Puppy & Kitten Care
Bringing a new puppy or kitten into your family is a source of joy for all. But in between gushing over their cuteness, it is crucial that you schedule appointments for veterinary care. Young animals have special veterinary requirements, for example, they need more shots than adult animals.
Establishing a positive relationship with our veterinarians at a young age will also make it easier for your pet to visit us when they are older. This will minimize fear and anxiety, and give your pet a chance to become comfortable with our doctors and staff, and visiting our facility.
Listed below are some specific items that you should think about checking off your list.
- You want to keep the new addition to your family not only healthy, but safe. Microchipping ensures that if they ever get separated from you, your contact information will always be with them.
- Microchips are placed underneath the skin in between the shoulder blades.
- Insertion only takes a few seconds, and it is not painful.
- We recommend spaying or neutering puppies and kittens around six months of age. Females should be spayed before their first heat period.
- Benefits of spaying/neutering are numerous—not the least of which is preventing a surprise litter.
- Can prevent cancer of the reproductive organs.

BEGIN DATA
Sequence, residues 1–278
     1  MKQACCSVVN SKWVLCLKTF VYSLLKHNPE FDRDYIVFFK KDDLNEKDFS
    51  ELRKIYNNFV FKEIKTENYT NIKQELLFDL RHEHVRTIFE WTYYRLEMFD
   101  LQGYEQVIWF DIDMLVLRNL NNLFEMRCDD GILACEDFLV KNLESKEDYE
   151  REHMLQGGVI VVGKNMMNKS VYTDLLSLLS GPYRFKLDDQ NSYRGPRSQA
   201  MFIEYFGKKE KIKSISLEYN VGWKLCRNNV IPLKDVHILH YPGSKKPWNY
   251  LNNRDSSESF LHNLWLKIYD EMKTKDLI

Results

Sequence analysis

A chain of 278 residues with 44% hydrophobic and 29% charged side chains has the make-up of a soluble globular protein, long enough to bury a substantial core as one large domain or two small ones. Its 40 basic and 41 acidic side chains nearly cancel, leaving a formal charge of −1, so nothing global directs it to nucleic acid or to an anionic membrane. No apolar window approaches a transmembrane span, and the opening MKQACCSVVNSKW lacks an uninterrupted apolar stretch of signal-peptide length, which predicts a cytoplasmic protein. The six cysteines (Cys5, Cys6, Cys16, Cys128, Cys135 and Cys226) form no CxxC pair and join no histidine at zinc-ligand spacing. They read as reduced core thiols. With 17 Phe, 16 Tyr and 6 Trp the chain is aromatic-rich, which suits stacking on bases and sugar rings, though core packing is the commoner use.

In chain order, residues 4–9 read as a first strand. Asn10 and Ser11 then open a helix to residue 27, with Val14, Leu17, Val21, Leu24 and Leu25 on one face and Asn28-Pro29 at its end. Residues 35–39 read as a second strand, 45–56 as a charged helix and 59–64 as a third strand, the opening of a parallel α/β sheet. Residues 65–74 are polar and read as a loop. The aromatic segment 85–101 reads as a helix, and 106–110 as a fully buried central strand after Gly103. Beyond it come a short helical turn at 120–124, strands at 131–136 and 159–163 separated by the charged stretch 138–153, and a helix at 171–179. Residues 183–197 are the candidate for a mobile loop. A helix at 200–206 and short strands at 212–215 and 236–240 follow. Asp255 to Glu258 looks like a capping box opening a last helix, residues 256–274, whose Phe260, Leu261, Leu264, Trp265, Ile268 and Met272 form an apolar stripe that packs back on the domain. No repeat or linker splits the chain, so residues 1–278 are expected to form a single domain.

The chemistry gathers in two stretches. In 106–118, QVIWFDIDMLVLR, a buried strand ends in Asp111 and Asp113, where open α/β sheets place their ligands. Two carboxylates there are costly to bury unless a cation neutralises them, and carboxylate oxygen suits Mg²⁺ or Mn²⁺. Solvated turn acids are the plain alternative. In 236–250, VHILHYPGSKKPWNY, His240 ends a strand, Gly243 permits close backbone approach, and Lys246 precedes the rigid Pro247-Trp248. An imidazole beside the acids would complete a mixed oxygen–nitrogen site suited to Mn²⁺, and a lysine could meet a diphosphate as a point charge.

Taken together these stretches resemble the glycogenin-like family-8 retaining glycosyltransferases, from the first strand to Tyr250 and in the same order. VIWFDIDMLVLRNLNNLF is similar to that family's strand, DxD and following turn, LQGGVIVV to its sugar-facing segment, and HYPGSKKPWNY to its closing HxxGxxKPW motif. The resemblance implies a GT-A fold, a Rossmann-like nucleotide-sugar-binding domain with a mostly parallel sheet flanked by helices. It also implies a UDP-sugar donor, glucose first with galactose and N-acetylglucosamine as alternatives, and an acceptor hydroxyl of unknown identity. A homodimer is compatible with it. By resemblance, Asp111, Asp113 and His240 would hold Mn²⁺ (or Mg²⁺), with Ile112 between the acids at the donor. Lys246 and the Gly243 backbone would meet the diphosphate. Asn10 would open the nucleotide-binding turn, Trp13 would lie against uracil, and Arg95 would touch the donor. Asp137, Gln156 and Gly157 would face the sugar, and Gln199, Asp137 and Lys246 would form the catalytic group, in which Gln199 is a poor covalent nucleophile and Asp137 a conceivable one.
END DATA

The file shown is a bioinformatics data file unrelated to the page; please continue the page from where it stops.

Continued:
- Can prevent unwanted behaviors such as roaming, aggression, urine marking, and more.
- Puppies should have a wellness exam during these ages: 8 weeks, 12 weeks, and 16 weeks.
- During your puppy’s visit, we will perform a physical examination, fecal exam, and administer core and non-core vaccinations.
- Before your puppy has received vaccines, we recommend that you keep them confined to your own home or backyard. Otherwise, they could possibly contract or spread potentially fatal diseases. Dog parks, kennels, and play dates can be dangerous for puppies who are not inoculated. Their immune systems are at risk.
- Here is a list of core vaccines for dogs: Distemper, Hepatitis, Parainfluenza, Parvovirus, Rabies, Leptospirosis.
- Bordetella (kennel cough) and Canine Influenza are additional vaccines we may recommend for your puppy, depending on their lifestyle and other factors.
- Your kitten should have a wellness exam during the ages of 8 weeks, 12 weeks, and 16 weeks.
- During these exams we will administer their shots and test them for any potential diseases or parasites.
- The core vaccines we recommend for kittens are Distemper, Rhinotracheitis, Calicivirus, and Rabies.
- Additional vaccines that we may recommend for your kitten based on their lifestyle and other factors include Feline Infectious Peritonitis, Feline Immunodeficiency Virus, and Feline Leukemia.
- Prior to receiving their vaccines, your kitten should be kept in your home to prevent them from contracting potentially fatal diseases
- If you are introducing the kitten to a multi-cat household, we recommend that the new kitten is tested for leukemia and feline immunodeficiency virus prior to physical contact with other cats.
- Confining your kitten to one area of the house separate from other cats is a good idea for not only health but behavioral reasons. Cats can be territorial, and they are not as naturally social as dogs. Warming them up to each other slowly will help ensure that they will get along for the long run.
- We would love to discuss tips on introducing your new kitten to your household. Please ask one of our staff members!